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The kilogram isn't a thing anymore. Instead, it's an abstract idea about light and energy.
As of today (May 20), physicists have replaced the old kilogram — a 130-year-old, platinum-iridium cylinder weighing 2.2 pounds (1 kilogram) sitting in a room in France —— with an abstract, unchanging measurement based on quadrillions of light particles and Planck's constant (a fundamental feature of our universe).
Sense - Achievement - Kilogram - Time - Cylinder
In one sense, this is a grand (and surprisingly difficult) achievement. The kilogram is fixed forever now. It can't change over time as the cylinder loses an atom here or an atom there. That means humans could communicate this unit of mass, in terms of raw science, to space aliens. The kilogram is now a simple truth, an idea that can be carried anywhere in the universe without bothering to bring a cylinder with you.
What's really fascinating here isn't that, practically speaking, the way most of us use the kilogram will change. It's how damn difficult it turned out to be to rigorously define a unit of mass at all.
Forces - Terms - Reality - Time - National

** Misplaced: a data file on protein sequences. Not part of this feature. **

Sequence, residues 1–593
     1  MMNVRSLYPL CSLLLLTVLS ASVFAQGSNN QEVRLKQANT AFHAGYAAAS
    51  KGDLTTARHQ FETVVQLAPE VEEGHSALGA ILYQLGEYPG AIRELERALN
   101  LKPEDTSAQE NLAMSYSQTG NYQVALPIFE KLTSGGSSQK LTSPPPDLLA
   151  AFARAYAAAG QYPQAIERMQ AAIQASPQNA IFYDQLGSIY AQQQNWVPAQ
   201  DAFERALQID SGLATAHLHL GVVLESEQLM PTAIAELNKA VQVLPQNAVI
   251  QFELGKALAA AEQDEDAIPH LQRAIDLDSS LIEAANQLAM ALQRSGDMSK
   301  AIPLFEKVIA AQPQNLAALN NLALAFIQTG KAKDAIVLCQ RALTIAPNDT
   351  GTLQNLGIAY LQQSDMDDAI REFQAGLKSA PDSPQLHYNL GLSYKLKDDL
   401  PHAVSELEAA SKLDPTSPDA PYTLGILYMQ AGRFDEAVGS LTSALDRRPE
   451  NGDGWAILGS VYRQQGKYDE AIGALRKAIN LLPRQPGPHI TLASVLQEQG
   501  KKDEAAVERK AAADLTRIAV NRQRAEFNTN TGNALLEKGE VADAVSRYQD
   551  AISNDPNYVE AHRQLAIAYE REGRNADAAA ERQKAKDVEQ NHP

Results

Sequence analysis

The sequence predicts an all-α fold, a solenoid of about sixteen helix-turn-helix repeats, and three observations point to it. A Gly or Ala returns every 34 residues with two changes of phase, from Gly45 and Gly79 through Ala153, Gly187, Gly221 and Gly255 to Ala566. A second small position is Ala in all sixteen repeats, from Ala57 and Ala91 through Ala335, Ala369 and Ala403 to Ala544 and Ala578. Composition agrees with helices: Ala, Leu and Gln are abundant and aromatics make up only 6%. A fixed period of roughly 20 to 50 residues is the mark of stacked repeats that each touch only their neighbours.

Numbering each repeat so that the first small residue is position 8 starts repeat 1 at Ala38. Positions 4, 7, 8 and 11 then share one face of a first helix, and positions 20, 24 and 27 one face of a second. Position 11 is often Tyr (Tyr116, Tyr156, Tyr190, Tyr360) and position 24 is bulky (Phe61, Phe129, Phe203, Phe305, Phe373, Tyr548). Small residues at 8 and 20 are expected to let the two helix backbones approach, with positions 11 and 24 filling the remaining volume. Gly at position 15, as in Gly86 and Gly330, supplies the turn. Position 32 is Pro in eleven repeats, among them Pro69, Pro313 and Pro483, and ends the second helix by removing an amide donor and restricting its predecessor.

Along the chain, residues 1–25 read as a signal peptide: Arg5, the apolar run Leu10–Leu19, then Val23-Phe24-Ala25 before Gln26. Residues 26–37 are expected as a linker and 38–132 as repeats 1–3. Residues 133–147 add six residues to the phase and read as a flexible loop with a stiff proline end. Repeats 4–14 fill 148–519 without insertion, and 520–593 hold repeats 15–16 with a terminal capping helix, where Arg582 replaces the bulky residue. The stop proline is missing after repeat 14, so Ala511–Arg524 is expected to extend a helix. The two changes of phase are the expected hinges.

Other fundamental forces have long since been understood in terms of fundamental reality. A second of time? Once, according to the National Institute of Standards and Technology (NIST), it was defined in terms of the swings of a pendulum clock. But now scientists understand a second as the time it takes an atom of cesium 133 to go through 9,192,631,770 cycles of releasing microwave radiation. A meter? That's the distance light travels in 1/299,792,458th of a second.
But mass isn't like that. We usually measure kilograms in terms of weight — how much does this thing push down on a scale? But that's a measurement that depends on where you perform the actual weighing. That cylinder in France would weigh much less if you...
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